CLEVELAND – At times, it can look like a layup drill on the defensive end of the floor.
That’s because during Notre Dame’s current eight-game winning streak – the last two games of the regular season, three in the ACC tournament and three in the NCAA tournament – the Irish (32-5) have been absolutely brilliant defending the three-point line.
The flip side is that opponents get a lot of point-blank looks at the basket. Of course, they need it because Notre Dame has been absolutely stifling around the arc.
In the last nine games – dating back to a home loss against Syracuse, followed by the current eight-game skein – opponents have converted just 37-of-154 three-point attempts for an anemic 24.0 percent.
Here’s the breakdown:
• Syracuse 4-of-16 (.250)
• Louisville 4-of-17 (.235)
• Clemson 4-of-18 (.222)
• Miami 5-of-20 (.250)
• Duke 3-of-17 (.176)
• North Carolina 7-of-24 (.292)
• Northeastern 3-of-11 (.273)
• Butler 4-of-13 (.308)
• Wichita State 3-18 (.167)
The fact that Butler’s 30.8 percent has been the high-water mark among the previous nine opponents speaks volumes. Five of those teams – Duke (26th .389), Northeastern (32nd .386), Wichita State (88th .362), Butler (118th .356) and North Carolina (135th .351) – rank among the upper half in the nation in three-point shooting. Yet the Irish held those five foes to a combined 20-of-83 (24.0 percent).
“It’s been big, that’s huge, and we’ve got to keep coming back to that,” said Irish head coach Mike Brey, who loves to play the percentages by exchanging threes for twos, which becomes critical when the Irish start their own three-point barrage.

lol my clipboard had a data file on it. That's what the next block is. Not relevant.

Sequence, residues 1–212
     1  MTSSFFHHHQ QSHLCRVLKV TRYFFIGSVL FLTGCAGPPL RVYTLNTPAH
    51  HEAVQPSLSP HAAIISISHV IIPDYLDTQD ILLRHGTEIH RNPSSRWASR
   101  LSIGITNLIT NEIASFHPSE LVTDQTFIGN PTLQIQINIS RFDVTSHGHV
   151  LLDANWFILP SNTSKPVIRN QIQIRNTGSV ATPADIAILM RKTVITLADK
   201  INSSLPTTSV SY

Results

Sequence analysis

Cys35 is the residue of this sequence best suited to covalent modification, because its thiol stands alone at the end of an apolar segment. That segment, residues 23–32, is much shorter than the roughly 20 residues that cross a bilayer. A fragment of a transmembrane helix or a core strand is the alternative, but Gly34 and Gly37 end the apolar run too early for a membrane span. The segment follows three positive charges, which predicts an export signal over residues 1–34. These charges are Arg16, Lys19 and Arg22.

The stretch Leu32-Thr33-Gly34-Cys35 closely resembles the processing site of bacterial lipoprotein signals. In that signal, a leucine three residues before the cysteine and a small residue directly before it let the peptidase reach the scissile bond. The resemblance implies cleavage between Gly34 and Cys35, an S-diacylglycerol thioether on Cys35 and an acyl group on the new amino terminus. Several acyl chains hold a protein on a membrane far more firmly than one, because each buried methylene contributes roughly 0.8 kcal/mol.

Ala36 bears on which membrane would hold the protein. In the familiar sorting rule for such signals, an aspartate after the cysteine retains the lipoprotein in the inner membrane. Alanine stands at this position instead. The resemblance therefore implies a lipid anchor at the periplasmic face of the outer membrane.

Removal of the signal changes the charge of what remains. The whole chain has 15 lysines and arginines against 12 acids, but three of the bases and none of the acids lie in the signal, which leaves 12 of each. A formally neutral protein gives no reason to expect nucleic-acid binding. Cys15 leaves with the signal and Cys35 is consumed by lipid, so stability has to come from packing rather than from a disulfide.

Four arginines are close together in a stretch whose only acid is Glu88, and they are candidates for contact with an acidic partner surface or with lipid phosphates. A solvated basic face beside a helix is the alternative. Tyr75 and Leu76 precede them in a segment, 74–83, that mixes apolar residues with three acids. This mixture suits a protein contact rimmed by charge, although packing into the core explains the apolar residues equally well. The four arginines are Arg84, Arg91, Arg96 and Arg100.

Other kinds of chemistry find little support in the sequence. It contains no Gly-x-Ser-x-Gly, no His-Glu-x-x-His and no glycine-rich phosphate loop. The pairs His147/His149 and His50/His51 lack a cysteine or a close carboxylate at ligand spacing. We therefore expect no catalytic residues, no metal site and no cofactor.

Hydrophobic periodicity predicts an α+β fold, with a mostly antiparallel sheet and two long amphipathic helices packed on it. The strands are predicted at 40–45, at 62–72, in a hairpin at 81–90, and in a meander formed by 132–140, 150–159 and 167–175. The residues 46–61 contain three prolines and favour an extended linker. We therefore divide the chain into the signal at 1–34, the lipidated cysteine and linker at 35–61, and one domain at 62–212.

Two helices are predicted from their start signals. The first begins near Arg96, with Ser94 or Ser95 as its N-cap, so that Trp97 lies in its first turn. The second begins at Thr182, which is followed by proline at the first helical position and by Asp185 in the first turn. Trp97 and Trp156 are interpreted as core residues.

“(Defending) that arc is something we’ve been very disciplined with, and it takes a sharp, focused group to continually do that with every possession.”
Leading the way defending the three-point line is sophomore Steve Vasturia, who almost always gets the assignment on the opponent’s top scorer, which usually translates into clamping down on the opponent’s top three-point shooter.
Vasturia did it again in Thursday’s 81-70 victory over Wichita State. Leading scorer Ron Baker came into the game with 78 three-pointers while shooting 38.4 percent. Baker finished with just nine points on 2-of-10 shooting from the field and a modest 2-of-6 from beyond the arc.
“We knew they had some efficient three-point shooters, so we definitely made a point of trying to run them off the three-point line, especially both their guards,” Vasturia said.
“We try to make them put it on the floor, and we did a good job as a team helping and recovering.”
Notre Dame’s next opponent – 37-0 and No. 1-ranked Kentucky – doesn’t rely nearly as much on three-point shooting because, quite frankly, the Wildcats don’t have to.
The Wildcats pound you inside with 7-foot-0 Willie Cauley-Stein, 6-foot-11 Karl-Anthony Towns, 6-foot-10 Trey Lyles, and 7-foot-0 Dakari Johnson. The Irish have attempted nearly 200 more three-pointers and have made 102 more than Kentucky.
While ranking 156th in the country in three-point accuracy – converting a middle-of-the-road 34.4 percent – the Wildcats will bludgeon you inside, attempting 72.2 percent of their shots from two-point range. Notre Dame shoots 62 percent of its shots from two-point range.
Brey has eschewed doubling down on opposing team’s big men for fear of getting gashed from the three-point line, but the Irish might not have a choice against the Wildcats, particularly since the three-point shot is a secondary phase to their offensive approach.
In the journey to the ACC championship and now the Elite Eight in the NCAA tournament, Notre Dame has used their defense of the three-point arc to perfection. It remains to be seen how the Irish will try to counterattack Kentucky’s around-the-rim approach.